Front seat view: what it’s like to be a Greyhound bus driver

Jose Fuentes, a Greyhound bus driver, stands in front of the bus he was driving from Phoenix, Ariz. to El Paso, Texas. (Photo by: Genáe Gonzales/ Arizona Sonora News)


Long hours and long roads. Constantly going on road trips, but with different people every time. Being more familiar with the roads you are driving on than the people sitting right beside you.

Working as a Greyhound bus driver is different than being any other type of public transportation worker. It’s not like being a city bus driver, who sees most of the same faces on a regular basis and at the same time each day. It’s not like being an Uber or Lyft driver, who gets to drive people around locally in their own car. It is driving several hours from state to state, and spending nights in hotels in cities far away from home.

Jose Fuentes is a regular full-time employee for Greyhound, and his route is almost always from Phoenix to El Paso, Texas. He has been a Greyhound driver for 28 years, and is very familiar with the ins and outs of the job.

“Overall, it’s a good job,” said Fuentes. “But there could be a lot of improvements.”

For one, he said that he wished there was better maintenance on the buses and other equipment the drivers use. He also mentioned that there could be better working hours and schedules, and that better treatment of the drivers should be enforced.

“We need better treatment for the drivers, for us to be treated as professionals by management,” said Fuentes.

As Fuentes said, one of the main aspects of his job is dealing with a lot of different personalities, not just regarding staff but also the customers.

In his  years driving, he has had his fair share of interesting experiences with customers. He had one encounter with a female customer several years ago that he still considers one of his most ridiculous experiences on the job.

“As night was falling upon us,” began Fuentes, “I had a young lady come up to ask me if I could give her a wakeup call. And when I looked over to see who was requesting that, I noticed that she was wearing a see-through nightie.”

Fuentes immediately told her that she needed to change into clothing that fully covered her private areas, and she complied.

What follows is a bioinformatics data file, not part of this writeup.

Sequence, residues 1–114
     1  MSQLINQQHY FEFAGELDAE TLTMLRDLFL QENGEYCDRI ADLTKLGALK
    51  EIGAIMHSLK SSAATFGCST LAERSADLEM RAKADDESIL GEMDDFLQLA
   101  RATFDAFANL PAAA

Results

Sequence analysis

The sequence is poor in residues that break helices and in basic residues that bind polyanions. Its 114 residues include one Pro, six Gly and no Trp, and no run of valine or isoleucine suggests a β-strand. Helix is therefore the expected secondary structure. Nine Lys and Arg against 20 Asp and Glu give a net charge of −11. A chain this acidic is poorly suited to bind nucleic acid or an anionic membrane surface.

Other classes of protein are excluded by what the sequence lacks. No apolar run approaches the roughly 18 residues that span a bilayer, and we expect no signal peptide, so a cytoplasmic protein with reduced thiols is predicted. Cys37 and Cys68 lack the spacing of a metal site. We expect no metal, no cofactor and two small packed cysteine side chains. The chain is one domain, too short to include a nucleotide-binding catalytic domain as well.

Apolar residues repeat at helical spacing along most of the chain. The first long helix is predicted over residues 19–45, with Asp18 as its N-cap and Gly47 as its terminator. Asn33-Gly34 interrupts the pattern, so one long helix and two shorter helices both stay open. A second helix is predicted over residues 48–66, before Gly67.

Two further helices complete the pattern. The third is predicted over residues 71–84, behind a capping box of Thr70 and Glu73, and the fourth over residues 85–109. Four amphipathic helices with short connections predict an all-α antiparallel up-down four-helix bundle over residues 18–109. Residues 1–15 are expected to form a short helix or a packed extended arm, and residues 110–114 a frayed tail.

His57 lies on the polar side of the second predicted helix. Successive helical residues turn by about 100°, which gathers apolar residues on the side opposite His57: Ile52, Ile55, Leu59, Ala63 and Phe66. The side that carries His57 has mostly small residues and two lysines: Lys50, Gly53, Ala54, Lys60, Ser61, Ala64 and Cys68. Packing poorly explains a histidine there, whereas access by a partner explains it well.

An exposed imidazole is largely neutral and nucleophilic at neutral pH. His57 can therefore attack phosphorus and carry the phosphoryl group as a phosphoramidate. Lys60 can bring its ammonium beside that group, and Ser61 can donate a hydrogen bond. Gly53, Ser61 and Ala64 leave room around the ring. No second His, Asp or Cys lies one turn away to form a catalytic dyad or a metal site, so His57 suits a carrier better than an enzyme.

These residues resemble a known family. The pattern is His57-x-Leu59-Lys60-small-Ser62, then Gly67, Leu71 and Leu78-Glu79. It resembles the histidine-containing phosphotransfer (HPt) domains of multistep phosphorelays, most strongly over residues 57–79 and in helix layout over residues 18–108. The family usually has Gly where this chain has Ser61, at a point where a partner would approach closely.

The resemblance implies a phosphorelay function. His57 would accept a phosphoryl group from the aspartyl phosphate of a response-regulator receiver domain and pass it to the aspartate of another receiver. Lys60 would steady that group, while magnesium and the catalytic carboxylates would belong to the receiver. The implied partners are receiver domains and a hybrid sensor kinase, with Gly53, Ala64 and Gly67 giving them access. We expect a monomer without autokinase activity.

The Greyhound bus station, located at 801 E. 12th St. in Tucson, Ariz. (Photo by: Genáe Gonzales/ Arizona Sonora News)

Marie Sims, on the other hand, is an extra-board Greyhound bus driver, which means that she fills in for drivers who can’t drive their regular routes because they are sick, on vacation, or for various other reasons. Because she covers for others, she does not really have a choice of where she goes or when, and has traveled all over the place on behalf of other drivers.

“I’ve gone from here in Tucson to Las Vegas, to El Paso, to Albuquerque, to Los Angeles,” said Sims.

The farthest places she has ever driven to from her home in Mesa are Mobile, Alabama and Savannah, Georgia.

But even though Greyhound bus drivers travel much more than the average person does on a regular day, they still are limited to 10 hours a day. Sims mentioned that most of her work days, she drives for eight and a half to nine and a half hours and is required to take breaks along the way.

Sims does not mind driving for long periods of time, so she enjoys her job. She said that she is a very patient person, which comes in handy because she is constantly surrounded by all different kinds of people on the bus and all sorts of drivers on the road.  She expects people to cut her off while she is driving, and knows that most drivers will speed ahead to get in front of a bus rather than just letting her move over into another lane.

Sims stays very relaxed and said that she has never been someone who gets road rage.  Her main priority is just helping get people where they need to be.

“I love it when my customers say, ‘You’re a good driver,’ or ‘Thank you for getting us here,’ you know,” said Sims. “I love it. That’s like a tip to me – better than a tip.

Genáe Gonzales is a reporter for Arizona Sonora News, a service from the School of Journalism with the University of Arizona. Contact her at

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